- Flavor enhancers (optional) fresh ginger root, turmeric, black/rooibos tea, apples, cardamom pods, etc.
- In a small saucepan, bring water to a boil. Add cinnamon stick and flavor enhancers (if using) to boiling water, cover, and let steep for 8-10 minutes.
- Remove cinnamon stick (strain out other ingredients, if using) and enjoy!
- You may also add non-dairy milk and a touch of raw honey as a sweetener, if desired.
Coumarin (found in cassia cinnamon) can lead to liver failure if consumed in large amounts. High levels of cinnamaldehyde can potentially trigger an allergic reaction. Cinnamon may also interact with certain medications, like those for blood-sugar, so it is best to consult with your healthcare provider before incorporating cinnamon tea into your health routine.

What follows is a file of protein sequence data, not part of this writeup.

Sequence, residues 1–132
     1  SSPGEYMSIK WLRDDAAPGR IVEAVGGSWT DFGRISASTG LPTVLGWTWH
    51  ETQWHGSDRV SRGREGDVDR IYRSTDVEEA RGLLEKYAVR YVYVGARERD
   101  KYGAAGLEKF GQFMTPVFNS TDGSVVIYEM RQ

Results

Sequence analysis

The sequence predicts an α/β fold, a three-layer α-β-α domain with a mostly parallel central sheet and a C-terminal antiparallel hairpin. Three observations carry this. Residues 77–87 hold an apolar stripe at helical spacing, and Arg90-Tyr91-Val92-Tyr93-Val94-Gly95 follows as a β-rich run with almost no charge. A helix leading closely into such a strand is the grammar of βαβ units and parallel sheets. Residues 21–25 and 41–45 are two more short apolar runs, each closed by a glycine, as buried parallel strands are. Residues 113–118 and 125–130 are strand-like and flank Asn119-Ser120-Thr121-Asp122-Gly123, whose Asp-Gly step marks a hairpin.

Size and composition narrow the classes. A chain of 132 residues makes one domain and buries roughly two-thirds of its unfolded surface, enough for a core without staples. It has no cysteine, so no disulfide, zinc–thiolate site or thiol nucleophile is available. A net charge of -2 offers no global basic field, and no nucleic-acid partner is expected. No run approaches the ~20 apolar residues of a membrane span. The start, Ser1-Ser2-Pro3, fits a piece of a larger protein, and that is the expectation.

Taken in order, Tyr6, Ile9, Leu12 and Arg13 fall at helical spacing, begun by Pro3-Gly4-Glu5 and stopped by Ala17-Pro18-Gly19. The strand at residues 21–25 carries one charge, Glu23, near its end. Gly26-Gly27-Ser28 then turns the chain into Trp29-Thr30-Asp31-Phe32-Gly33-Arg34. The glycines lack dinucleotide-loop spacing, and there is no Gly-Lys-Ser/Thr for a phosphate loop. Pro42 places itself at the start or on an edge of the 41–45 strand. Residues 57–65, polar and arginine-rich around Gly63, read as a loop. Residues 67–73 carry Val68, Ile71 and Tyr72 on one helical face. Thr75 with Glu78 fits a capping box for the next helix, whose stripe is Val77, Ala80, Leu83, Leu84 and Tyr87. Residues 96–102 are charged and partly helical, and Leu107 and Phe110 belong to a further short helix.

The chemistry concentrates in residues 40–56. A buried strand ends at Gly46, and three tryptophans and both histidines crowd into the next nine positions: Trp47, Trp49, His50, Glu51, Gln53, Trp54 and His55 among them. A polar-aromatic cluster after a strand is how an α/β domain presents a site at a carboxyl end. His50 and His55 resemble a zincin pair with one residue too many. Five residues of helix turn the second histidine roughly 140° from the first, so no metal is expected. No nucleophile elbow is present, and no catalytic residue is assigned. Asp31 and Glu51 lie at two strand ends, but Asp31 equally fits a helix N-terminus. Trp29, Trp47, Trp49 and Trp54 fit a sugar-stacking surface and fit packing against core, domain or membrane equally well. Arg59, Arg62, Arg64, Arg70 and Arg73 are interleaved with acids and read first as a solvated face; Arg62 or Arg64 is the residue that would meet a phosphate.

Cinnamon is a beloved holiday spice and so much more!
There are two varieties: Ceylon and Cassia. Ceylon lends a softer, sweeter flavor to a cup of cinnamon tea, but many prefer the more familiar, spicy note of Cassia. Both are safe in moderation and either can be used to brew a delicious, aromatic cinnamon tea.
Cinnamon has been used for thousands of years as a spice and natural remedy. Drinking cinnamon tea is a delicious way to get your daily dose of cinnamon and enjoy the many health benefits of this superfood spice.